Am I the only one who is salivating at the prospect of Solomon Alabi playing extended minutes? Alabi going toe-to-toe against Dwight Howard, Nene, Blake Griffin, Joakim Noah on a nightly basis? That’s like watching The New Guy go up against Machete. We would be witnessing the “coming of age” of Alabi, who would have his feet held to the fire culminating in a proper NBA initiation. None of this D-League BS where he gets to tip-toe his way to rebounds and soft jumpers, this initiation would be like drenching him in blood before throwing him into shark-infested waters.

Where is this coming from? From the forum thread that speaks of Dwane Casey being very high on him, and from the mini-camp he had. Quickly looking at the current true center depth chart we have:

» Alabi

Yup, that’s it. Alabi. As you might’ve heard, Andrea Bargnani is not a center which leaves Alabi as the lone big man on the roster. Alexis Ajinca is not under contract (not that it matters) so if the season started this very day the Raptors starting lineup would be: Calderon, DeRozan, Bargnani (PF), Kleiza and Alabi (C). No, Amir Johnson will not be asked to play center because that’s not what he does. Johnson only missed 10 games last year but was playing with niggling injuries about 20% of the time. Do we really want to stretch his capacity to take physical punishment by shuffling him over to center and face even bigger, stronger guys? I would vote that down.

When I suggested to Rob Mahoney that the center is the pillar of Casey’s defense, he agreed, which now leads me to ask you: how comfortable are you with Solomon Alabi being the pivot who is supposed to be the central figure in Casey’s defense? Taking into account that next year is a rebuilding year as well, we have one major risk to deal with: if Alabi sucks as the defensive center, is the whole year a wasted exercise?

Let me explain. All is swell if Alabi steps in and becomes Samuel Dalembert but without the the shitiness of Samuel Dalembert. The Raptors will be lauded for grabbing him with pick #50, he’ll be considered a steal and a defensive stalwart for years to come. Casey’s defense will have a core building block, and he could even symbolize the Raptors’ defensive identity along with Ed Davis and Jose Calderon (haha…just joking, seeing if you were paying attention).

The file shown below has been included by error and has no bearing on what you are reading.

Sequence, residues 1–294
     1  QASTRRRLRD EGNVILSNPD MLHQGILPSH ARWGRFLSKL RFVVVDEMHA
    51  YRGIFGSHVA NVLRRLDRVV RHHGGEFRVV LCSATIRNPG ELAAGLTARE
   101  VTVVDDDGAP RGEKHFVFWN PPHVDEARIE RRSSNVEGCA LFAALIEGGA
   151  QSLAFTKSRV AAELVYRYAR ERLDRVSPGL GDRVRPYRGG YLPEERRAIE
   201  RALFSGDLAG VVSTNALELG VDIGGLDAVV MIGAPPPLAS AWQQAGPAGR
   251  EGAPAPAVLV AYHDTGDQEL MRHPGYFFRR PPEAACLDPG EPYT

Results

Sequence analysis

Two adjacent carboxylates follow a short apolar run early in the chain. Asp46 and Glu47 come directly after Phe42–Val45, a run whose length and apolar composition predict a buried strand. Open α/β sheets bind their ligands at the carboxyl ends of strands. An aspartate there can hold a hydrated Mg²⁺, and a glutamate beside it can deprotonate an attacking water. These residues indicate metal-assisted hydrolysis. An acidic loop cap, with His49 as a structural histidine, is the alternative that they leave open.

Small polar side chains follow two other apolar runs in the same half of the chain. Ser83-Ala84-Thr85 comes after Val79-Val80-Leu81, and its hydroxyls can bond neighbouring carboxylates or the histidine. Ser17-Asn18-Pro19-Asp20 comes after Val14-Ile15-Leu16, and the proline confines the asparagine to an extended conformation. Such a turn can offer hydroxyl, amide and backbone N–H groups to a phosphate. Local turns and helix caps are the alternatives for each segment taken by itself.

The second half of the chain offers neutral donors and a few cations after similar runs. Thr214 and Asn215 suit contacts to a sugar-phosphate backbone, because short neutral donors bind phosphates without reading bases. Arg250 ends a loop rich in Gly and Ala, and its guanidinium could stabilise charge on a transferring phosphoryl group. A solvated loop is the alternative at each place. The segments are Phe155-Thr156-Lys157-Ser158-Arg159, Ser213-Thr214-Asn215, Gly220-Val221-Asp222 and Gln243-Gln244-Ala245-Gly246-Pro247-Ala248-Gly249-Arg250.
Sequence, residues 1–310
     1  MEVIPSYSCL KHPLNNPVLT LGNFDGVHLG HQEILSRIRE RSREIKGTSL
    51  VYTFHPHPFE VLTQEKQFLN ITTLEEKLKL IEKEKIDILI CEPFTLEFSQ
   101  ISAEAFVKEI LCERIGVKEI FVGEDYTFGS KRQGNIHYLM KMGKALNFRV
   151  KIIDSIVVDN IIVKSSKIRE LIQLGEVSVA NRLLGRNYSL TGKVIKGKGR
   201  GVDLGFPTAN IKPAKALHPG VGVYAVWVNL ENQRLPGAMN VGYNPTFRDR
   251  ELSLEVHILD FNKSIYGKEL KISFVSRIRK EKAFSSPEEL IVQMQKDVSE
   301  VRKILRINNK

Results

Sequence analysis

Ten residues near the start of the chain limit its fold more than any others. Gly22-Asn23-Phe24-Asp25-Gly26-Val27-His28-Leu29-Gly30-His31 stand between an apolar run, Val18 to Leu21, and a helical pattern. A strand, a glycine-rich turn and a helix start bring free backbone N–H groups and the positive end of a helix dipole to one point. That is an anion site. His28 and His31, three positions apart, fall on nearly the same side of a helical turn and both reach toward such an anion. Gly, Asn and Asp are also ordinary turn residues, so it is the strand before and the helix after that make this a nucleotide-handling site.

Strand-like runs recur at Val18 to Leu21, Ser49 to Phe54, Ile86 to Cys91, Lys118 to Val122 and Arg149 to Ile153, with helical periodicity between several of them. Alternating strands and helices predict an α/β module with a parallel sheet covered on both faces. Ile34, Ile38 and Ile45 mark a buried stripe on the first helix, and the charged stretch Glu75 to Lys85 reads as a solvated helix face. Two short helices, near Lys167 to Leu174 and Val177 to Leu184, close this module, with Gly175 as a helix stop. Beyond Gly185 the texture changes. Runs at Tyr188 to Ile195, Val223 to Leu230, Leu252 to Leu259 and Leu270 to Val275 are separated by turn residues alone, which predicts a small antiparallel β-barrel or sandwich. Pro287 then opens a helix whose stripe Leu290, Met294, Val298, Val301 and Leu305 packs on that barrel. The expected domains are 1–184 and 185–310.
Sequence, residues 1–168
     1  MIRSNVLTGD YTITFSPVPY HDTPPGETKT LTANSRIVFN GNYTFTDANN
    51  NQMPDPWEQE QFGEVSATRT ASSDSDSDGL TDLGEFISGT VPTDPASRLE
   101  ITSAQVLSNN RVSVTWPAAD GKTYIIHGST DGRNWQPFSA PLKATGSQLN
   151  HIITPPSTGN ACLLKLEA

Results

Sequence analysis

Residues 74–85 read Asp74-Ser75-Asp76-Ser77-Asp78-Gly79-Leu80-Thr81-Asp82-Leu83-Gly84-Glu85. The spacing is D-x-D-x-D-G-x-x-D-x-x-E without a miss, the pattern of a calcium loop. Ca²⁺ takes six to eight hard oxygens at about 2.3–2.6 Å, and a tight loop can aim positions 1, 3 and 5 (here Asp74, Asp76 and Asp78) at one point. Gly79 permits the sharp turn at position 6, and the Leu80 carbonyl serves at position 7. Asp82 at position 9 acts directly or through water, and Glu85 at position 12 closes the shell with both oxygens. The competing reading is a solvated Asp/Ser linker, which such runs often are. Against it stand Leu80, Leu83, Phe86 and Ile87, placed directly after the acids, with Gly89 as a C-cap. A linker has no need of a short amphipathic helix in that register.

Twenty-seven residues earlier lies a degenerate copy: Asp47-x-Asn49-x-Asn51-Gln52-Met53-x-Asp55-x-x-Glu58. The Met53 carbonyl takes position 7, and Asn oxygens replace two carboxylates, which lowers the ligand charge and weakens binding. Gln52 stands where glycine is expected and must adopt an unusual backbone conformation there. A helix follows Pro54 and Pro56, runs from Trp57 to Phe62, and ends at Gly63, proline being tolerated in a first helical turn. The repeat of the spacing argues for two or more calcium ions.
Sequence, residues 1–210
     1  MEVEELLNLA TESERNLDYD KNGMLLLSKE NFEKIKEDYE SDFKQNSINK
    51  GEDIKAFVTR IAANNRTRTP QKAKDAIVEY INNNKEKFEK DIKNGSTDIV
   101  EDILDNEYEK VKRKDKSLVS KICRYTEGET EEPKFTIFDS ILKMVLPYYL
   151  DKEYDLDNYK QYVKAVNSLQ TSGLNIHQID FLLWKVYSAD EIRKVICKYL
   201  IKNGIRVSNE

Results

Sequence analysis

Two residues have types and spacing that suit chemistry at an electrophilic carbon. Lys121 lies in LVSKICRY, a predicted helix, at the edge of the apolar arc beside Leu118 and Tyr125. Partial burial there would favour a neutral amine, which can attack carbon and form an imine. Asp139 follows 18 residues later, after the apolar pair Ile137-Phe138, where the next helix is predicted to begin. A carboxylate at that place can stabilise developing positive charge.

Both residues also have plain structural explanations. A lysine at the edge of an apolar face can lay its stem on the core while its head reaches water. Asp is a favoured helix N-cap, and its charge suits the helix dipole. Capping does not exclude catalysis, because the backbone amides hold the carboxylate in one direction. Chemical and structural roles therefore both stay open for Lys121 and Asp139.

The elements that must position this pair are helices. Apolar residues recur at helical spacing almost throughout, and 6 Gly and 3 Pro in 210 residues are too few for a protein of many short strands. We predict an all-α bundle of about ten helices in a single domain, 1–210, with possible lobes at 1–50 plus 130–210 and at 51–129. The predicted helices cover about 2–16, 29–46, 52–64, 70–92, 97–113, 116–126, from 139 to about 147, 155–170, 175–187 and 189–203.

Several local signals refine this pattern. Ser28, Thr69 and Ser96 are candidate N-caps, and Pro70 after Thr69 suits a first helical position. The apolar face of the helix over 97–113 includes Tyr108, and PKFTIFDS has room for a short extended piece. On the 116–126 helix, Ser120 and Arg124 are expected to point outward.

What if he fails? Would Casey’s defensive schemes be up for fair measurement without a proper big? If there is not at least an above-average defensive center in there, and the Raptors fail miserably next year, would Casey simply get a pass because of poor personnel? It sounds like for Casey to do what he needs to do, he requires a framework to work with, and asking an unproven commodity like Alabi to play such a massive role appears to be too big of a risk because so much of the defense hinges on that position. Another argument could be that if we’re doing a rebuild in earnest, then a year with Alabi at center is logical in the name of development.

The ideal solution is to “bring him along” slowly, which is fine if the Raptors could afford to sign a starting center and have Alabi back him up playing 15-20 minutes a night, thus entirely eliminating any ill-advised situation which would call for Johnson to play center. Then the depth chart would read (remember, Casey already said Bargnani will not be the starting center):

C: New guy, Alabi
PF: Bargnani, Johnson, Davis

This isn’t even counting Kleiza who played a bit of PF last year too. The problem now becomes that Davis, a key cog in the machine, is the third-string power forward. Something’s got to give. My opinion: The Raptors cannot rely on Amir Johnson being that center, and unless Alabi is tearing it up large this summer against NBA competition, he will not be the first choice center and the Raptors will acquire a legitimate big, thus producing the above predicament. How do you deal with it?

Trade from your strength and address another position, maybe the point guard or the small forward. The odd man out here is…I’ll go with Johnson. He might only be 24, but his ceiling is easier to predict than Davis’, whose game is viewed through the rose-colored glasses of potential. Johnson also happens to have a contract that is reasonable and thus, easier to trade. Bargnani is still untouchable no matter what Colangelo says, so all you #FreeAmir fans, you might have seen the last of him. Please don’t cry about it…

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